2. Vhol – Deeper than Sky (Profound Lore, US)
There’s an element of joy and fun in Deeper than Sky that’s been missing from John Cobbett’s work for many years. It’s a speed metal love letter to his favorite records, with some of his fastest guitar solos yet and Aesop Dekker handing out d-beat goodies like Halloween candy. Vocalist Mike Scheidt goes for huge, sucker-punch hooks in just about every track except for one: "Paino." Sigrid Sheie’s baroque/jazz/thrash tour-de-force is a key-crushing clustersmash crammed into just a couple minutes. It’s bizarre and frankly fucking bananas. It’s also just another example of the spirit of adventure that rests inside Deeper than Sky, a spirit that rears its head during the fist-pumping chorus of "The Desolate Damned" and Cobbett’s sliding riffs in the title track. It’s the record that made me smile the most this year, the one that made me want to move faster every time I listened it. How I didn’t receive a speeding ticket with this disc in the stereo, I’ll never know.
1. Saviours – Palace of Vision (Listenable Records, US)
For the past four years, home has been an amorphous construct; it’s wherever I’ve slept on a given night. Five times this year, I got to hear Austin Barber introduce his band as "Saviours from California." Like myself, Barber and his bandmate Scott Batiste became Angelenos by way of the bay, keeping their roots intact the entire time. In the last year I saw Saviours conquer San Francisco, Oakland, Los Angeles and Santa Ana and every time, the band felt like they were playing at home. Not just my home or their home, but our home. Palace of Vision breaks no new ground for metal music but it’s Saviours’ best album yet. Coming from the band that’s claimed an entire state as their place of sanctuary, that strength feels like a victory for me too. Pure objectivity in the appreciation of music is a bullshit proposition--hearing my own journey in Palace of Vision made this album sound all the more triumphant.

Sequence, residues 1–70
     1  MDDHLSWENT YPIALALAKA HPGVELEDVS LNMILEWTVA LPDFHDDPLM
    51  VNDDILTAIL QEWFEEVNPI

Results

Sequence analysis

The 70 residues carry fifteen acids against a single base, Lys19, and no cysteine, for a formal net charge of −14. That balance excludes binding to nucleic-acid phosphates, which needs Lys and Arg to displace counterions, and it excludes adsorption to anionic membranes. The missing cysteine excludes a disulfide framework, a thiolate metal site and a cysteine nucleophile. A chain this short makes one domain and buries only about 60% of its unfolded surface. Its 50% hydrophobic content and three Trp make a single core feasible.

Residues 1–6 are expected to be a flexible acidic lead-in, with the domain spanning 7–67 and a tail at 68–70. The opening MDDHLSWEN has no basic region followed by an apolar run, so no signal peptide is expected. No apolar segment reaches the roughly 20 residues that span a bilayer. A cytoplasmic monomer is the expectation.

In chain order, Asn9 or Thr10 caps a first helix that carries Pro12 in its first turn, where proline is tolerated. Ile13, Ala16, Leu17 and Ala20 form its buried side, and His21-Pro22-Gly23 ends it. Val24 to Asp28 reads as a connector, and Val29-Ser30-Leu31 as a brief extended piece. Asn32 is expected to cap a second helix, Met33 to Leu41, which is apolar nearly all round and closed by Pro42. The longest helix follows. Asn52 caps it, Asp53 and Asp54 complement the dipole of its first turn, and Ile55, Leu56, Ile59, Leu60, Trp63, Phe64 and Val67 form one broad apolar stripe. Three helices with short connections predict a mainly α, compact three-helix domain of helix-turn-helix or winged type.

The easy description of this album is that it spins European classic metal in a way that only a group of all-American shredders could do it. In theory, that could fit any number of retro-styled bands from the bay or Los Angeles. But Saviours aren’t from simply one of those places; they’re from California. They marry Oakland’s punk soul with LA’s virtuosic swagger and when that spirit is set against their best songs yet, it makes for a record that’s inspired me to headbang and tear out the air-guitar (in public places mind you) more often than any other in this year. Sonny Reinhardt’s utterly smoking guitar solo in "Burning Shrine," Batiste’s double-kick cannonfire at the end of "The Beast Remains" and Barber’s mountaintop roars in the title track aren’t simply great moments on a record, they’re declarations of victory from the men who moved away from home and claimed it wherever their adventures took them. I can only hope that I accomplished something similar during my time in Los Angeles.